Flu season is starting earlier than usual, just like last year, but it's too soon to tell how severe it will be, local and state health officials said Monday.
There have been 22 flu cases reported in Beaufort County since Sept. 29, according to the S.C. Department of Health and Environmental Control. That's three more than were reported at this time last year, the agency's figures show.
"We certainly haven't seen any dramatic year-over-year increases early on," state epidemiologist Linda Bell said. "But we're not far enough into flu season yet, so it's difficult to predict."
Local health officials said there is no indication this flu season, which runs from about November though March, will mirror last year's, when a statewide outbreak led to 15 deaths between Thanksgiving and Christmas. Two people in Beaufort County died of the flu last season.
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At Beaufort Memorial Hospital, no one has been hospitalized for the flu this season, according to infection-prevention coordinator Beverly Yoder.
"Hopefully it stays like this," she said. "We've seen more respiratory illness, but not any flu."
No flu patients have been hospitalized at Hilton Head Hospital, either.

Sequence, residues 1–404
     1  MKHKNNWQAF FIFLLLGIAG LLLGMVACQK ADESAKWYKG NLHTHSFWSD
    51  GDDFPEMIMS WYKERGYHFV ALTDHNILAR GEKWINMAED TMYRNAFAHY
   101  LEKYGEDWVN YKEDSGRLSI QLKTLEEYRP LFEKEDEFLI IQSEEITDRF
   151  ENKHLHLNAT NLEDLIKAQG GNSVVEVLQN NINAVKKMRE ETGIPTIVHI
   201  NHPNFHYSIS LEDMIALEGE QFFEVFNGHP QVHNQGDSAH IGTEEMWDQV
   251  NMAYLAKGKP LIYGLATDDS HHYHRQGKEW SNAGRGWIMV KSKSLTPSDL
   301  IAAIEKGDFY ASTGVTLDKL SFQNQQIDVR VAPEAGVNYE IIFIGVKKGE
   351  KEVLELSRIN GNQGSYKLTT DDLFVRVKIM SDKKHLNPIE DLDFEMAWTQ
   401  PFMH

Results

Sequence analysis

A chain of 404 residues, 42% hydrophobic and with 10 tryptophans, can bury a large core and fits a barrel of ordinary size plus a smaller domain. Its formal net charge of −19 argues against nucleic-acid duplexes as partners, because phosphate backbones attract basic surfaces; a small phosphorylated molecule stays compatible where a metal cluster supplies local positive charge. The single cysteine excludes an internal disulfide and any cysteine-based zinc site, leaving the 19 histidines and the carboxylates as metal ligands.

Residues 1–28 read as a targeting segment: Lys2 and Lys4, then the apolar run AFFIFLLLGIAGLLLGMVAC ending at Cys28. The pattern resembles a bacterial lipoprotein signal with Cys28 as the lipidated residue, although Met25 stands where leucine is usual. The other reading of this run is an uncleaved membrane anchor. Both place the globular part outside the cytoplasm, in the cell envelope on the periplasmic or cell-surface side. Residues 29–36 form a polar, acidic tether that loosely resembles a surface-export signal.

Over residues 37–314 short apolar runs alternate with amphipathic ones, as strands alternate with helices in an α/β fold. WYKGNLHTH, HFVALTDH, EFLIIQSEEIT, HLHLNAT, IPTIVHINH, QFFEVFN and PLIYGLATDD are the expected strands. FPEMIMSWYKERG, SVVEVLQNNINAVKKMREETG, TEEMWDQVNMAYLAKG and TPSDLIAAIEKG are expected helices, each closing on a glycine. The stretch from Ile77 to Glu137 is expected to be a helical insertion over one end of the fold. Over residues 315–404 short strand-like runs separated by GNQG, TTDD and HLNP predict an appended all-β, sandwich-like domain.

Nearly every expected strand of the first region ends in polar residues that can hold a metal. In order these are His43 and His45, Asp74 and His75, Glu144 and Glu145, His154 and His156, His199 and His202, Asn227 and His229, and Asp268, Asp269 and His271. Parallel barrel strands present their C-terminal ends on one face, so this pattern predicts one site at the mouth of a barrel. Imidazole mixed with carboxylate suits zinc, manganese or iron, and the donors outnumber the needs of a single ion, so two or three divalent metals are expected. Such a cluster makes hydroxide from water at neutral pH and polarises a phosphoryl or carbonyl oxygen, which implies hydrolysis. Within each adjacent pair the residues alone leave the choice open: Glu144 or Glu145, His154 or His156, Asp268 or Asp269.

"Is it luck?" hospital spokeswoman Kelly Presnell asked. "I think people took the vaccines seriously. They were really in demand."
Nationally, health care providers were adamant about providing enough flu vaccine this year to avoid a shortage. In September, manufacturers pledged to produce between 135 million and 139 million doses, according to the U.S. Centers for Disease Control and Prevention.
DHEC has offered flu shots statewide since Sept. 23, spokeswoman Lindsey Evans said. This season's shot is a new type of vaccine that protects against four flu strains: A-H1N1, A-H3N2 and two strains of influenza B.
Early results show the vaccine is working across the state.
There have been about 2,500 fewer in-state cases reported this year, according to DHEC statistics.
Flu cases typically increase in the winter as people spend more time inside and closer to one another, Yoder said.
She encouraged those who have not received a flu shot to sign up for one. Flu shots typically cost $25 but are free with Medicare, Medicaid and certain health insurance plans.
"It's never too late in the season," Yoder said. "We're well-stocked, and it's still early enough to prevent getting sick."
Follow reporter Dan Burley at twitter.com/IPBG_Dan.